Health care, gun control and immigration – and yes, Bigfoot – were in the mix during a spirited forum featuring Republican Denver Riggleman and Democrat Leslie Cockburn Wednesday in Rappahannock County.
The two are in the final stretch of their campaigns for the congressional seat representing Virginia’s 5th District, which includes most of Fauquier County. They are vying to succeed Rep. Tom Garrett, a Republican who withdrew from seeking a second term, citing a problem with alcoholism. The election is Nov. 6.
During the forum, Cockburn called for restoration of the Affordable Care Act. “Trump pulled the legs out of the subsidies” that helped make insurance through the ACA more affordable, she said. She favors a “Medicare for all” option as well as negotiating with pharmaceutical companies to lower the cost of medications.
Cockburn said foreign nations provide universal health insurance at far less cost and that the U.S. should learn from their example.
Riggleman questioned whether Americans want “a single-pay system like the Veterans Administration,” which has been beset by complaints about the medical care provided to veterans.
Riggleman said he supports an expansion of Health Savings Accounts and raising the amount people can deposit in them.
Medicare for all will cost trillions of dollars, Riggleman asserted. He called for an audit of all government spending and then “roll[ing] in” presumed savings into programs serving public need.
Cockburn called for the closing of the “gun show loophole” that allows gun sales without a waiting period for a background check, to ensure that domestic violence perpetrators can’t purchase guns and the elimination of the sale of large-capacity ammunition magazines, which she said put police at risk.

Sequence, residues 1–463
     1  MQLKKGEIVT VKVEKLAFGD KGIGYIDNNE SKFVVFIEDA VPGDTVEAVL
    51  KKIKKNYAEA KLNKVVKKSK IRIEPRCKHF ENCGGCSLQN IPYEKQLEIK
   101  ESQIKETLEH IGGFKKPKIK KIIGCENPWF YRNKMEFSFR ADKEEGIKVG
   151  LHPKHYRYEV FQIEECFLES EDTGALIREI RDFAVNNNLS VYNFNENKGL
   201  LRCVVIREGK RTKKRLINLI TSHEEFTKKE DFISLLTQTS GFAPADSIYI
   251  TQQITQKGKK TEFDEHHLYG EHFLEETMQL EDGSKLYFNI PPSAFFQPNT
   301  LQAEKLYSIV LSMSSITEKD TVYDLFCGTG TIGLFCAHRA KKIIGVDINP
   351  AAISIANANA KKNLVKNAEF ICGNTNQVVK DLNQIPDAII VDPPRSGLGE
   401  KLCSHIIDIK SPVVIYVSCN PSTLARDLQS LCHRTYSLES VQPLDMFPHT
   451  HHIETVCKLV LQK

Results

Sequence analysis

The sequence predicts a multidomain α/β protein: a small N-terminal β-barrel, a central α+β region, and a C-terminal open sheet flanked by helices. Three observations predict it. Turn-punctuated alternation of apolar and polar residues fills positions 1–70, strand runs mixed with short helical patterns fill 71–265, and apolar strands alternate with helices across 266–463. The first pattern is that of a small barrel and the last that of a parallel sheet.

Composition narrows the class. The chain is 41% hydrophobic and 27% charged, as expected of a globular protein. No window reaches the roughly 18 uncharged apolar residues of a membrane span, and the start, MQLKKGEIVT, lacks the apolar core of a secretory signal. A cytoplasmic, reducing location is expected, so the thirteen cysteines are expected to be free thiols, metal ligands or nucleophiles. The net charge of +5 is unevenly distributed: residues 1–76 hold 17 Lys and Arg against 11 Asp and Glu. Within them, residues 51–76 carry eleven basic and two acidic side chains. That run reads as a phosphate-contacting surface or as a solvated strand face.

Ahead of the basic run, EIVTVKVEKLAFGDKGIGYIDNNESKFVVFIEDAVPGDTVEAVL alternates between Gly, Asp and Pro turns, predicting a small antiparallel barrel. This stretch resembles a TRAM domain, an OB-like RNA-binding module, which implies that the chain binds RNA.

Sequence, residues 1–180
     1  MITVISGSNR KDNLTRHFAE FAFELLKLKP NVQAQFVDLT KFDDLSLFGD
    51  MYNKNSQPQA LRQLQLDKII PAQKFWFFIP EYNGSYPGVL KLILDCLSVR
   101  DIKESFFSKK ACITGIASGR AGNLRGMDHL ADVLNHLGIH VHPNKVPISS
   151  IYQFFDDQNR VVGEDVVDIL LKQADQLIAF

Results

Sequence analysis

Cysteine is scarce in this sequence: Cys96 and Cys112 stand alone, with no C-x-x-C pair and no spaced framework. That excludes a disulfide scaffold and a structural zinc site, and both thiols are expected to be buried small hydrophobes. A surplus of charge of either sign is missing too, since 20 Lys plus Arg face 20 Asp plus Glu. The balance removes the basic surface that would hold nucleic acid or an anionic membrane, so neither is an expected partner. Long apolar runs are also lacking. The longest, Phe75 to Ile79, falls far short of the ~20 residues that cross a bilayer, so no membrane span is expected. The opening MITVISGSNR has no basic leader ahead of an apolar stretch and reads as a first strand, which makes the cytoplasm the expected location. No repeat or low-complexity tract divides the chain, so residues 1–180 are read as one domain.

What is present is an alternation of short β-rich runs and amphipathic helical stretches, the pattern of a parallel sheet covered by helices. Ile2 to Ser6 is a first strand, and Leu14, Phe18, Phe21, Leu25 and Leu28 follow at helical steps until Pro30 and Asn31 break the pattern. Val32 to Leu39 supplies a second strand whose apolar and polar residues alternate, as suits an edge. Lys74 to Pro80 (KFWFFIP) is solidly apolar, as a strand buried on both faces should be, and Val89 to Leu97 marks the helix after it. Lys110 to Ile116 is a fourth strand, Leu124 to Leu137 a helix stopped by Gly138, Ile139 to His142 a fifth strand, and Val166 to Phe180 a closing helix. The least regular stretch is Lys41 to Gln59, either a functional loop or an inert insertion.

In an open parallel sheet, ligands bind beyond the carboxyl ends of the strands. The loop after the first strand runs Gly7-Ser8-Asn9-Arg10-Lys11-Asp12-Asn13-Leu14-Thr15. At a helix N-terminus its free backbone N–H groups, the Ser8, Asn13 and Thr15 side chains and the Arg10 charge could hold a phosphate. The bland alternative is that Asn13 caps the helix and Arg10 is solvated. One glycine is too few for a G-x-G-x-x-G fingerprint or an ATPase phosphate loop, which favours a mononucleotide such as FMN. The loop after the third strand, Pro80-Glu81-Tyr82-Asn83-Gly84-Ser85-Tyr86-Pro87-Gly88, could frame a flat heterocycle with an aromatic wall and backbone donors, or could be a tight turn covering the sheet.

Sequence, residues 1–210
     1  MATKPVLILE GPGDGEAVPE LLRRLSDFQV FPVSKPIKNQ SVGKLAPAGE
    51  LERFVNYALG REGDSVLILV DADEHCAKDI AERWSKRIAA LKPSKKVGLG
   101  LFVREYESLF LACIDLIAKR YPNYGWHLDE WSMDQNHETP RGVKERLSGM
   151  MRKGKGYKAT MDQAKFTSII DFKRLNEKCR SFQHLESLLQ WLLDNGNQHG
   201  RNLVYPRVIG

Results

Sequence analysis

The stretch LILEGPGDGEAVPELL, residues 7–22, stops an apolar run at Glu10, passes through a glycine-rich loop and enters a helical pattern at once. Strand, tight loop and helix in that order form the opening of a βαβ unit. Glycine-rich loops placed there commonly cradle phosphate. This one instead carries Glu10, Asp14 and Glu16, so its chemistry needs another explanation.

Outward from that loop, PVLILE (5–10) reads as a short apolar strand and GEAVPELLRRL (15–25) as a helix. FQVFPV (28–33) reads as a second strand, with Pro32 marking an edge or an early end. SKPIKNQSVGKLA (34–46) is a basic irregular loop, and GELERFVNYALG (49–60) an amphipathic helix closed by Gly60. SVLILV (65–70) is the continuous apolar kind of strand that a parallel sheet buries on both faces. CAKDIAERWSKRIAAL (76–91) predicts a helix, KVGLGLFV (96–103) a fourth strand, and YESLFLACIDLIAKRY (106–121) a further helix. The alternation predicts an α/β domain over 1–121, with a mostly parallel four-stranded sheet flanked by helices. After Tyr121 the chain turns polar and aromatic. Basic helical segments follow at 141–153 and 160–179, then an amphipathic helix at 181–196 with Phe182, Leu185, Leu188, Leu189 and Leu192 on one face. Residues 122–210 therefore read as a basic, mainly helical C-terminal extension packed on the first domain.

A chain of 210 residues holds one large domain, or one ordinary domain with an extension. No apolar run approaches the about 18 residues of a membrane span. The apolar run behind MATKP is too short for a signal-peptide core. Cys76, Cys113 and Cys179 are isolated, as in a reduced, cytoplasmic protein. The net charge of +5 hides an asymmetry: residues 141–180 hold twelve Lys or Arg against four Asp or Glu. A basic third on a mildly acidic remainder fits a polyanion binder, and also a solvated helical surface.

Riggleman noted that felons – such as the domestic violence perpetrators Cockburn referred to – are already barred from buying firearms.
Riggleman said he supports the bill blocked by the Senate early this year that would have banned abortions after the 20th week of pregnancy. The bill had exceptions for victims of rape or incest and to protect the mother’s health.
Cockburn said she opposed cutting off funding to Planned Parenthood, which she noted is a source of care for 24 million women beyond reproductive services.
Riggleman maintained that farmers want strong borders. He said they want to make it easier to hire immigrant labor through a program called H2C that would allow foreigners to stay in the U.S. year-round with a 36-month renewable visa. The worker would have to leave the country for a total of 45 days during that time. H2C was in a comprehensive immigration reform bill that failed in the House of Representatives in June.
Cockburn called for comprehensive immigration reform rather than a longer border wall as President Trump wants
“ICE [U.S. Immigration and Custom Enforcement] is really behaving in a way that we need reform,” she added.